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U.S. Says It Won’t Lower Aid to Israel to Pay for Increased Funds for Russia

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The Clinton administration does not intend to take foreign aid money away from the Middle East to pay for new aid programs for Russia this year, Secretary of State Warren Christopher told a Senate subcommittee this week.

“We do not intend to find that money in aid to Israel or Egypt or the other of the Middle East countries at the present time,” Christopher testified before the Senate Appropriations subcommittee on foreign operations Tuesday.

Israel, which receives $3 billion from the United States annually, and Egypt, which receives $2.1 billion, are the two largest recipients of American foreign aid.

Because of the ongoing political and economic turmoil in Russia, the Clinton administration has called for an increase of at least $300 million over the $400 million Russian aid level this past year.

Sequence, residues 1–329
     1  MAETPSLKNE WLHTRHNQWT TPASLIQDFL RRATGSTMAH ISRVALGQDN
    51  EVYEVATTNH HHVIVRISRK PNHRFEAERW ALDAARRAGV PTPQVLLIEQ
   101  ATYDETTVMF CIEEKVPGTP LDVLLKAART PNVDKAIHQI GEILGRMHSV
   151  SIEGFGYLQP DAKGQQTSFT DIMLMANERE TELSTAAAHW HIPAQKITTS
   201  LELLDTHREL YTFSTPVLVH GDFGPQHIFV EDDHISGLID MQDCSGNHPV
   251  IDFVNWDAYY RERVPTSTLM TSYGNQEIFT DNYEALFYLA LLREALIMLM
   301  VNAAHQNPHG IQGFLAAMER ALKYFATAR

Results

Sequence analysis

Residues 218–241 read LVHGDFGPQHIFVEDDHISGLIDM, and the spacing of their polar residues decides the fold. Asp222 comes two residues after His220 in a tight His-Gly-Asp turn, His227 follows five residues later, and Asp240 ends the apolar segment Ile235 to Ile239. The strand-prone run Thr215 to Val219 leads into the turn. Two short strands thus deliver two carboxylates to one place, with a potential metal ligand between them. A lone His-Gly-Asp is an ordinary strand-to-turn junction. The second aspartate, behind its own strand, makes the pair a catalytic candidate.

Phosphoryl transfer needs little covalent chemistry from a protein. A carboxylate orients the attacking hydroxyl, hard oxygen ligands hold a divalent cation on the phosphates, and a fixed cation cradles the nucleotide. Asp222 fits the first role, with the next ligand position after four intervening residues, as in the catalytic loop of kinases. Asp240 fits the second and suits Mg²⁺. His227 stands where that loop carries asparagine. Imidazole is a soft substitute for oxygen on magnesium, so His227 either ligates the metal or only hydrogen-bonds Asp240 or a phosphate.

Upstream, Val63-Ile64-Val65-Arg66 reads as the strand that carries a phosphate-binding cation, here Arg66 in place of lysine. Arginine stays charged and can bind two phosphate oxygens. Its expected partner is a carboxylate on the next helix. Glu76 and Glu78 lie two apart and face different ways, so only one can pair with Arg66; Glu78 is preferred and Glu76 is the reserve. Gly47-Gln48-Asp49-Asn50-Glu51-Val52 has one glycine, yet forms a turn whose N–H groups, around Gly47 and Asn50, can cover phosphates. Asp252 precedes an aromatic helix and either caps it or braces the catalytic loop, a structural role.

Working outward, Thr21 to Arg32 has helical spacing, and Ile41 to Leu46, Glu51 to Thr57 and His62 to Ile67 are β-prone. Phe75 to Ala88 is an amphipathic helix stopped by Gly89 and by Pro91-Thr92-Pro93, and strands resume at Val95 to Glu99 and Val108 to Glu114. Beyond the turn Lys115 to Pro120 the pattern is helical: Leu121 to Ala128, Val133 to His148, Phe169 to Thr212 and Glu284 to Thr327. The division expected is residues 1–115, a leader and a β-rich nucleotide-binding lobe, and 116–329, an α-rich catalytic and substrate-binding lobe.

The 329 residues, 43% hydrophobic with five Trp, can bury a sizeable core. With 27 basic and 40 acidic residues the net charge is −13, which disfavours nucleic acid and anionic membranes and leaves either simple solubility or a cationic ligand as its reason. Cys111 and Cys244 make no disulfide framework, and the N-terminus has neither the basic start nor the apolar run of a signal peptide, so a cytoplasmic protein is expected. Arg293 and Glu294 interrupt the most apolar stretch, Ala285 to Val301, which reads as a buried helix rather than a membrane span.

Questions had arisen on Capitol Hill about where the administration intended to find the money to pay for this new program.

In response to questioning from Sen. Patrick Leahy (D-Vt.), the subcommittee chairman, Christopher said the money would not come from Middle Eastern countries because of “their needs and their importance in the peace process.

“The president said we intend to keep those items at a level amount this year,” Christopher said.

President Clinton and other administration officials have said they would ask for aid levels for Israel to remain constant for fiscal year 1994.

The administration intends to present its foreign aid budget to Congress next week.

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